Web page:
The Mother of God

One aspect of Christmas (including Protestant Christmas) that I always enjoyed was the increasing attention given to the Mother of Jesus. Christmas cards feature her; hymns of “Mary, meek and mild” are sung. And even though such popular treatments will fall far short of the theological fullness of the one who gave birth to God the Word, it has always, nevertheless, been comforting to hear her get at least some public mention.…

How Do We See Our Neighbor?

This is a short excerpt from the book, The Monk of Mount Athos, by Fr. Sophrony on the life of St. Silouan of Mt. Athos. It says much about how we see one another, and how the transformation of the world has to begin with our own selves. We see in others that which our own spiritual experience has shown us about ourselves, and so a man’s attitude to his fellow is…

Orthodoxy in the Postmodern World

It is a very different landscape we inhabit than our parents or grandparents. I am probably closer to my parents, generationally, than I am to my children. Though we share some songs of rock’n’roll, most of their music is lost on me. It’s not as foreign to me as mine was to my parents, but foreign enough. I find myself saying things that sound like my dad talking (it’s scary). Our religious…

Praying Like a Publican

Sometime back someone said to me, “Whenever I’ve sinned I never feel like praying. I feel unworthy and I just can’t pray.” The statement sounded correct – I’ve had the same feeling often enough. But I kept thinking about it until the question came to me, “What am I waiting to feel before I pray?” In the case at hand, I would suppose one would be waiting not to feel like such…

Why Pagans Aren’t Really Pagan

Pagan is one of those wonderful words. We Christians can use it when we mean people who have ceased to believe in monotheism but have started believing in lots of other stuff (forces, etc.). I thought a lot about this over the summer after seeing a group of druid-wannabe’s at Stonehenge. They were dressed for the part, except for the amount of polyester involved. We are in a season when people will…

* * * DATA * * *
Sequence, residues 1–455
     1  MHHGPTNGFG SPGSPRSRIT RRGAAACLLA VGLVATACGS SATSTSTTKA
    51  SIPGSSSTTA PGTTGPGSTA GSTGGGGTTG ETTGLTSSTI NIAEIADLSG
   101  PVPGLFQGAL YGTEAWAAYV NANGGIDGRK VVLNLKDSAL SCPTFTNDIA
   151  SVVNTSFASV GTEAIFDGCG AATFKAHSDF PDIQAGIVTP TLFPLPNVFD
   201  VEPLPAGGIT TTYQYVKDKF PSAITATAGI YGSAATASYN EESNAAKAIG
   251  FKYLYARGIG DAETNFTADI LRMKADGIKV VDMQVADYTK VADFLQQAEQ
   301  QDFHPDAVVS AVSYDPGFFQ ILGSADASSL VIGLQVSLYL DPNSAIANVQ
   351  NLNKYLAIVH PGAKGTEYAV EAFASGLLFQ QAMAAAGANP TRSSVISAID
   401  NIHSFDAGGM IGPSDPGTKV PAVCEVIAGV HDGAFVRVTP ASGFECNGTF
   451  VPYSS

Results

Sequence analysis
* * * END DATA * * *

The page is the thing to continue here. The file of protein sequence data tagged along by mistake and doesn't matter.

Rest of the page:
When an Icon Finds Its Home

I’m not sure you’ll find any of this written in books about the Orthodox faith – it’s only an oral tradition, and I’m not sure you can exactly call it a “tradition.” All I can say is that I’ve “heard” it more than once. And I’ve seen it’s truth. It has to do with icons – with them finding us – which is not to be confused with us finding them. There…

The Atonement – It’s Still About God

I am greatly interested in the discussion stirred up earlier this week in my posts on the Atonement. The discussions were good, and well behaved. Indeed, I would say that the conversation was productive. What fascinates me, is the interest we have in the discussion of the Atonement. The popularity of any particular blog post is still a bit of a mystery to me. I run about 700 views a day on…

Whose Fault Is It Anyway?

I am publishing this post a day early for the sake of the conversation generated by my recent atonement posts. I hope the conversation goes forward well. My recent post on “Are You Saved?” generated perhaps our longest list of comments, thus far, and, by far, the most erudite and serious. The subject of the atonement, and the picture of God presented by the doctrine have been a touchy subject between some…

Inside and Out

Some continuing thoughts on salvation… One of the weaknesses of theology over the past number of centuries has been an occasional lapse into viewing the category of morality has simply a category of our actions. In that sense, moral has to do with behavior, not with existence. It is how we act, not what we are. As I say, this is a problem, because it leads us into very problematic ways of…

“Are You Saved?”

My life in the South has been marked by the question, “Are you saved?” As a child, street preachers from the local fundamentalist protestant college would hold forth in front of the Dollar Store (which was also the bus stop), guaranteeing something of a captive audience. The question in that context had a simple meaning: a. you are born with the sin and guilt of Adam b. you are thus deserving of…